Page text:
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6 of 7 people found the following review helpful By K on November 3, 2007
Format: Hardcover
I was lucky enough to get to hear Peter speak last night at the Fort Wayne Museum of Art. During my high school years, I was so excited about photography. I chose to not follow through with studies in Photojournalism; and at times I can't help but think back and ponder "what if... ." Last night was one of those evenings... . Hearing about the life of the two brothers was not only an informative, but a highly motivational experience. The focus and inginuity the two possessed during their high school years was intense; and this book is testament to that fact. Not only is the technical aspect of the printing intensely beautiful, but the design aspects of the images in terms of perspective and framing are absolutely incredible. Attention to aspects of subject choice, composition, and mood are a reflection of what they must have felt in their hearts and minds. The chance to hear about their friends, school, and societal aspects helped create a real cohesiveness when viewing the images at the FWMoA. Happiness, moroseness, uncertainty, and contemplation describe some of the moods in the environment. It is quite obvious that the members of the McClellan neighborhood looked at these boys as familiar and welcome fixtures, rather than intruders. Thank you to the Turnleys and the members of the neighborhood for an exciting visual journal.

As an Art teacher, I think it would be fantastic for high school students interested in photography to take a loook at this collection. Purchase this one for your budding photographer!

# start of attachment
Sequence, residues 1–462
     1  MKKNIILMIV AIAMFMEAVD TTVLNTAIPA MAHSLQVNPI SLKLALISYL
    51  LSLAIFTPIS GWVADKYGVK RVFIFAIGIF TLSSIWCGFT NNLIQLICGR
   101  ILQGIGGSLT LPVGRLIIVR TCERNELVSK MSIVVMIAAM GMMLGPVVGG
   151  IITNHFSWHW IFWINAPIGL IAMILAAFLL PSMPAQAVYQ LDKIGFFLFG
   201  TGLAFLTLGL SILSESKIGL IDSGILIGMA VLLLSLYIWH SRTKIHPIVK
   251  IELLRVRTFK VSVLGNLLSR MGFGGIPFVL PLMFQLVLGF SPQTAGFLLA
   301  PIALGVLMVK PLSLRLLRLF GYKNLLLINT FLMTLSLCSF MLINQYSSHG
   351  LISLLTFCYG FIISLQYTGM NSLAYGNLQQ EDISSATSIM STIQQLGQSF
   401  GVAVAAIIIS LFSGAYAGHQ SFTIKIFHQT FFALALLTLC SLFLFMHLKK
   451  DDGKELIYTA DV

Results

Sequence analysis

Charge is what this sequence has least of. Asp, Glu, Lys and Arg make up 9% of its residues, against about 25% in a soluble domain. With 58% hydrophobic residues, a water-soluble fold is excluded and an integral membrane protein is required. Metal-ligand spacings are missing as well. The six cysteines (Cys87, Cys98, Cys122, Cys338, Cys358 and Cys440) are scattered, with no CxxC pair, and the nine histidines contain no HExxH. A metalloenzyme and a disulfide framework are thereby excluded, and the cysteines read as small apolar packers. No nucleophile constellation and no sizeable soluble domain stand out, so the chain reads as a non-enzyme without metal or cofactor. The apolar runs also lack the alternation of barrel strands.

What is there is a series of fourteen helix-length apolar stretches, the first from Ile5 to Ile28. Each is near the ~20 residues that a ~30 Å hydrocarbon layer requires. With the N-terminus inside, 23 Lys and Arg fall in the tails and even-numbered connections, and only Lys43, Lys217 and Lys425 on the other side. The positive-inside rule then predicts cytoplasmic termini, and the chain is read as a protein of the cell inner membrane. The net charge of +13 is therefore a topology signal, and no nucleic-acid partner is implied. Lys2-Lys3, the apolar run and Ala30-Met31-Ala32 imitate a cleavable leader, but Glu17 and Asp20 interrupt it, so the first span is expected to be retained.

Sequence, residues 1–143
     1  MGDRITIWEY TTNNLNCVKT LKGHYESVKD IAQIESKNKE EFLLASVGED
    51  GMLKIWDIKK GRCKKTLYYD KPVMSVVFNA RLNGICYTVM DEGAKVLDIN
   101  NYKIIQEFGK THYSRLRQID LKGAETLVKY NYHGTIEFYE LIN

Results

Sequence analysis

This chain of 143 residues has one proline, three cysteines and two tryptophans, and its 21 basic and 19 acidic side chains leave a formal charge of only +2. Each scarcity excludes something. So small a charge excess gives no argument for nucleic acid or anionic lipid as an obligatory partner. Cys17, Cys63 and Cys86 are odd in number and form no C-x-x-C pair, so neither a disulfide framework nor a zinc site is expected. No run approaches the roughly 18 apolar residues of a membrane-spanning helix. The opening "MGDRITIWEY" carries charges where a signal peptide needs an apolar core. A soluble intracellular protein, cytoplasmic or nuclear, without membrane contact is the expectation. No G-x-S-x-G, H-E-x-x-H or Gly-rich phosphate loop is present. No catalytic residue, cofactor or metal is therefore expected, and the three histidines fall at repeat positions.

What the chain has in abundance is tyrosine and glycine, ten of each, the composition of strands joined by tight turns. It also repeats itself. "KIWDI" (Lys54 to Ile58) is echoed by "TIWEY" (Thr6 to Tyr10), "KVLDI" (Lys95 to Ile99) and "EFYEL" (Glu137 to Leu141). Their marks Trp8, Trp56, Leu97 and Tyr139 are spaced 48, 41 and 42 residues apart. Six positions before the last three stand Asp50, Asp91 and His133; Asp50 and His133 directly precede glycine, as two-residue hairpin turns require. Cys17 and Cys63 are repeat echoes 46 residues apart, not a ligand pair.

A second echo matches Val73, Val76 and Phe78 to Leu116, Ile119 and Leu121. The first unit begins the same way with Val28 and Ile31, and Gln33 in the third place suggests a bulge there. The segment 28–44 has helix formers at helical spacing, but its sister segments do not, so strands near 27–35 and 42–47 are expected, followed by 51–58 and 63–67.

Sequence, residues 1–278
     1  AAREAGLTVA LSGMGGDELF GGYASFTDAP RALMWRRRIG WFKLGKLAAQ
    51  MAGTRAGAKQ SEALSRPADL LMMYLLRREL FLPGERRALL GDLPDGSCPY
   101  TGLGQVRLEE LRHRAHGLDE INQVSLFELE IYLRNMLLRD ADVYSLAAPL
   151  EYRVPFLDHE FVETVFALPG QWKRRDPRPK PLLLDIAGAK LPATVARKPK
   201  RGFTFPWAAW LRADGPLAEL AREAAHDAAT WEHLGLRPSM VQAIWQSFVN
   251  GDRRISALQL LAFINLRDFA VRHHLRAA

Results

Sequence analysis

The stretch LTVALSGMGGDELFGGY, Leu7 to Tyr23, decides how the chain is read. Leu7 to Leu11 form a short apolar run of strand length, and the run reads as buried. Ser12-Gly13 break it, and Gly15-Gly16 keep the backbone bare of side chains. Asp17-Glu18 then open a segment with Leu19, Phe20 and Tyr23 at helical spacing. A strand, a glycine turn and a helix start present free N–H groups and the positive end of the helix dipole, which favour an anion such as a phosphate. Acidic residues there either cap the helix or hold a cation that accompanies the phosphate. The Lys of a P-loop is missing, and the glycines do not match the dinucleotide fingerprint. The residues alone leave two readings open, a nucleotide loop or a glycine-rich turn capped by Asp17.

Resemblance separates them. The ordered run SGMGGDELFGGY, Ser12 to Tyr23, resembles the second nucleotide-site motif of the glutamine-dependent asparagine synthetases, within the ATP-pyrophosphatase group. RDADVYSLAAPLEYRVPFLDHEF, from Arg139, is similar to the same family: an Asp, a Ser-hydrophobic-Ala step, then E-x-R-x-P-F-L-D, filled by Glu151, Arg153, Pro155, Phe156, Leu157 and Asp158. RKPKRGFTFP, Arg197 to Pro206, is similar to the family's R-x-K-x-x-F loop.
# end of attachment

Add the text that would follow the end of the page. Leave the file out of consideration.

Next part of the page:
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2 of 3 people found the following review helpful By Scott L. Gibson on May 25, 2009
Format: Hardcover Verified Purchase
McCellan Street is a photo essay of the people who lived in this working class neighborhood in Fort Wayne, Indiana. Fortunately, two high school students, David and Peter Turnley, captured the life and vitality of the people of McCellan Street before it before it fell victim to one of the city's urban renewal projects. Following this project in the early 1970s, the Turnley brothers would go on to become two of the most respected photojournalists in their profession. Their black and white photographs are powerful. Each photograph tells a story. Everytime I look at the photographs in McClellan Street, I see something new. People familiar with the Turnleys will recognize the themes of hope and optomism that appear in much of their work. This book should be required reading for all serious students of photography.
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Format: Hardcover Verified Purchase
This book struck so many chords with my own small neighborhood upbringing. The fact that these images were produced by 17/18 year old twin brothers makes the book nothing short of outstanding.